Neo-Seoul Korea in the year 2144 accounts for the majority of the action.
Cloud Atlasis a film that has no major film studio affiliation and despite that, it still garnered a budget of just over $100 million dollars through various independent finances. As such, this budget afforded Cloud Atlas a very impressive, professional and hi-fidelity look to compliment its equally high browed themes. The production design of each respective story is wrought with unique color palates, background detail, interesting costume choices and efficient use of visual effects that makes this overall film seem like it was budgeted for far more than originally allocated. When one factors in the excellent performances from every featured actor: Tom Hanks, Halle Berry, Jim Broadbent, Hugo Weaving, Jim Sturgess, Doona Bae, Ben Wishaw, Keith David and James D’Arcy, this film ceases to amaze when it comes to raw production value. This is the first film I have ever seen that truly combines the period piece genre with sci-fi in a way that was completely serious, dramatic and complimentary to the script.
Moments of drama, moments of wonder.
Every actor’s performance is respectable throughout Cloud Atlas. Since character status, role and relevance is constantly shifting, it is impossible for me to evaluate performance the way I normally do. Hanks and Berry provide anchor performances for every character they play which allows the audience to connect with their characters most easily since they are the two biggest names attached to this cast. My standout performances had to be Ben Wishaw’s Robert Frobisher (the true composer of The Cloud Atlas Sextet), Hugo Weaving’s Nurse Noakes (who channels Nurse Ratched from One Flew Over the Cukoo’s Nest perfectly) and Ketih David’s Joe Napier (whose demonstrative voice and stature makes Shaft look like a baby in comparison). The two names that are most easily forgotten in this film are that of Susan Sarandon and Hugh Grant who, like the rest, provide fractal roles in several of the individual stories, but whose performances could have been easily replaced by any other actor.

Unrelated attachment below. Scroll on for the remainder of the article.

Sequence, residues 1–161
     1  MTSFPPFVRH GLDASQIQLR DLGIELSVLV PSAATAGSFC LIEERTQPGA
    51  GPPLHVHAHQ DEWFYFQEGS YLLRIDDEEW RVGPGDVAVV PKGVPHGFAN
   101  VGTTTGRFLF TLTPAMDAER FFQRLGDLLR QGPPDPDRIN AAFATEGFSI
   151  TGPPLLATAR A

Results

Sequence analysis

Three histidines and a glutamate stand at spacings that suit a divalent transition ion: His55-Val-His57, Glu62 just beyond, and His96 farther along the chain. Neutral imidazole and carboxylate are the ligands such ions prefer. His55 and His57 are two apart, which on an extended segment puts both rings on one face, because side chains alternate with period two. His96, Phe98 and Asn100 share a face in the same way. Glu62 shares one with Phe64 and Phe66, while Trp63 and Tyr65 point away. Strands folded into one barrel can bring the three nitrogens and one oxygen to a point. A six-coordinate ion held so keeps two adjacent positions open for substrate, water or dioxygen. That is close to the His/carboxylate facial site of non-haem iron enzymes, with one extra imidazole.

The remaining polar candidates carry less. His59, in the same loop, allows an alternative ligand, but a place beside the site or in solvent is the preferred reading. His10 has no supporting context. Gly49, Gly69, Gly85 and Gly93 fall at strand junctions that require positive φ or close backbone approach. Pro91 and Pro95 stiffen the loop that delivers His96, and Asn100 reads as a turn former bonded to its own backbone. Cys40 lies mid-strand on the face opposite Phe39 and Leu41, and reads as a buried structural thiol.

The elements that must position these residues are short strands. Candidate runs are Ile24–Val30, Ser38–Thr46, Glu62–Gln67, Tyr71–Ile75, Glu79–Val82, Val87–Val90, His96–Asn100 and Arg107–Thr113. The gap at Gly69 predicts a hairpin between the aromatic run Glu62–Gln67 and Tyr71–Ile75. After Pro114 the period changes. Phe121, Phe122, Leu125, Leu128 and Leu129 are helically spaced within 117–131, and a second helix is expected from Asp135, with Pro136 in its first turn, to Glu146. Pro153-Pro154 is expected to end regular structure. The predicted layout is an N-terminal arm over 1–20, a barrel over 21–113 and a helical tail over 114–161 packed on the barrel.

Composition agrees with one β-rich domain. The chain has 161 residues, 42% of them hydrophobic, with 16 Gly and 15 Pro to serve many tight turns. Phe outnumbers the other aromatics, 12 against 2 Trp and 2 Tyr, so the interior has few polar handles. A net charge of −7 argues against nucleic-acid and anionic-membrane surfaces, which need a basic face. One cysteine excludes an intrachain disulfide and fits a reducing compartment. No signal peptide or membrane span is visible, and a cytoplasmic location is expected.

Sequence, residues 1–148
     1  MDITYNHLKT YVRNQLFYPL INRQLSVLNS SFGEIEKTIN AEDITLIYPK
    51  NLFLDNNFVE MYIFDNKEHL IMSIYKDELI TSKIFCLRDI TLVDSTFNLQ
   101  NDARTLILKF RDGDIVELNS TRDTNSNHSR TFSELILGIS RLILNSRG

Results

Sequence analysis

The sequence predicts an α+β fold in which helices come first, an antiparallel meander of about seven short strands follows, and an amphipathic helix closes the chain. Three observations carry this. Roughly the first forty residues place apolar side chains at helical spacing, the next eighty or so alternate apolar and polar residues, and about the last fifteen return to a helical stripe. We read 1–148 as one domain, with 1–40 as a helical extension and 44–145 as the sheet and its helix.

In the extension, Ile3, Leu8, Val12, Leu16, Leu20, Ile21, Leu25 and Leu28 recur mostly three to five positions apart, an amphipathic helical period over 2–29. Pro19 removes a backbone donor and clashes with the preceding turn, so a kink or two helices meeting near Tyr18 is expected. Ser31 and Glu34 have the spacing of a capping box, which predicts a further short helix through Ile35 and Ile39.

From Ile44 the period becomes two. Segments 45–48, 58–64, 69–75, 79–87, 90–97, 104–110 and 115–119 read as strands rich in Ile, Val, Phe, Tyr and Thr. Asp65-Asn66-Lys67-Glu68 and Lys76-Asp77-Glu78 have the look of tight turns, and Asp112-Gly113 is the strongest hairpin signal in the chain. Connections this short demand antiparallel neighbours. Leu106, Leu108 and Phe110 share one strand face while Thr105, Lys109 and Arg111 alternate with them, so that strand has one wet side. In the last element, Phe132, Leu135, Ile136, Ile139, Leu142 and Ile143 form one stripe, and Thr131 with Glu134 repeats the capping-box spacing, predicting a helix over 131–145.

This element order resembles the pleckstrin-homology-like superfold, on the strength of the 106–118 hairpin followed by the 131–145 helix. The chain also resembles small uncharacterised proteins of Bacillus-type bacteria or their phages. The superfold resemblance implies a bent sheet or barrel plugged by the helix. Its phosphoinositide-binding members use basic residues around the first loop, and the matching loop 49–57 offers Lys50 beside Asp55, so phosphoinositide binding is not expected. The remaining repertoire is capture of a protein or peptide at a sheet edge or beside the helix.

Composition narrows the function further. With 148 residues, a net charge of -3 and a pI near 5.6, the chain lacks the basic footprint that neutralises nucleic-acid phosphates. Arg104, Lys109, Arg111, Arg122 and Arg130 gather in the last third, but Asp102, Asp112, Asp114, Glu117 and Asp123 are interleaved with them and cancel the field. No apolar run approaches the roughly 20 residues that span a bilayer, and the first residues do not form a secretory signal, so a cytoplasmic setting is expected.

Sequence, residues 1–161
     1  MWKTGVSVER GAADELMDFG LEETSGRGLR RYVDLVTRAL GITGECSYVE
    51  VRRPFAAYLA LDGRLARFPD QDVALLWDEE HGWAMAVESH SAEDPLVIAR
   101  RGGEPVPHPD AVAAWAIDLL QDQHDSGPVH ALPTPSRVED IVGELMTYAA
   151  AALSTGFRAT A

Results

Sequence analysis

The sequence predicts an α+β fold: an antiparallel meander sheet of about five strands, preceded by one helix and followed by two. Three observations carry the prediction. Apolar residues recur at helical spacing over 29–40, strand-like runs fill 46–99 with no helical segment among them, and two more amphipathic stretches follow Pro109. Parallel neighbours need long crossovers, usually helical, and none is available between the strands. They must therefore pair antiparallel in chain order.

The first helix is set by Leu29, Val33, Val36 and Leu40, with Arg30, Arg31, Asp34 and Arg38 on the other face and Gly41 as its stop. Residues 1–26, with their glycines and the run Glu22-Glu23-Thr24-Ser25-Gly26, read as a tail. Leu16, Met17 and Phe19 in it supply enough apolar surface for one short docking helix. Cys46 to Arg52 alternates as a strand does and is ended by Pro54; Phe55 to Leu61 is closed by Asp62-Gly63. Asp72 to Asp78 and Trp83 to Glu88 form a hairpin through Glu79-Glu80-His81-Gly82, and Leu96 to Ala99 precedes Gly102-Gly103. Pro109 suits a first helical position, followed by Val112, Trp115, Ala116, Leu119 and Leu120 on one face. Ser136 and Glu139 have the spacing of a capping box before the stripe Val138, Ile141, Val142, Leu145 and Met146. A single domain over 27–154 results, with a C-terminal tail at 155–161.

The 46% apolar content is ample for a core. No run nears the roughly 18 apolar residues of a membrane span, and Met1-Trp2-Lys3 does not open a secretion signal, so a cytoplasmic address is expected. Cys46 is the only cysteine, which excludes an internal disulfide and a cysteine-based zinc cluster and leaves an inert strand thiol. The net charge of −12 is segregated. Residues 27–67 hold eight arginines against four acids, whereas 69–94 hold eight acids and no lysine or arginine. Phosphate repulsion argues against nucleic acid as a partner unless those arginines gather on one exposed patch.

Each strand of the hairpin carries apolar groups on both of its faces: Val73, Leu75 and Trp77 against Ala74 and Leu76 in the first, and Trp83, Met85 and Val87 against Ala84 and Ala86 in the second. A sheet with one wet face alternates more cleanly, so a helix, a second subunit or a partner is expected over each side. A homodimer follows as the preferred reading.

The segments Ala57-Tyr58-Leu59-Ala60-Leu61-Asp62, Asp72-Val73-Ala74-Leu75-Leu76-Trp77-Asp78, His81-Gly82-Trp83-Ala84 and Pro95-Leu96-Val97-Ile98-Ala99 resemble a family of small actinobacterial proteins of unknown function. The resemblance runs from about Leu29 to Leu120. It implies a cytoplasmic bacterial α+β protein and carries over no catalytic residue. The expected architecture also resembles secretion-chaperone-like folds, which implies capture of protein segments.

Keith David’s a bad mother … SHUT YOUR MOUTH!
Cloud Atlas is a very good film for the viewer that is up for some intellectual stimulation. It is an entertaining film, but nowhere near the popcorn blockbusters of the summer. It features several moments of high drama (like Sonmi-451’s final speech to the world) and moments of levity (Timothy Cavendish’s escape from a nursing home). This film is a serious contender for all the production design categories of the Academy Awards, but is a pretender to the crown of best film overall. Its tagline of “Everything is connected,” may be thematically correct, but does not execute as seamlessly on the big screen due to the time restrictions for each tale. More time would have allowed for more parallels, but then this film is already 3 hours long. Before this rather exceptional fall season of must-see films truly commences, Cloud Atlas is a great appetizer to the upcoming visual feast.
Oh Hugo, why do you have a perfect villain’s face?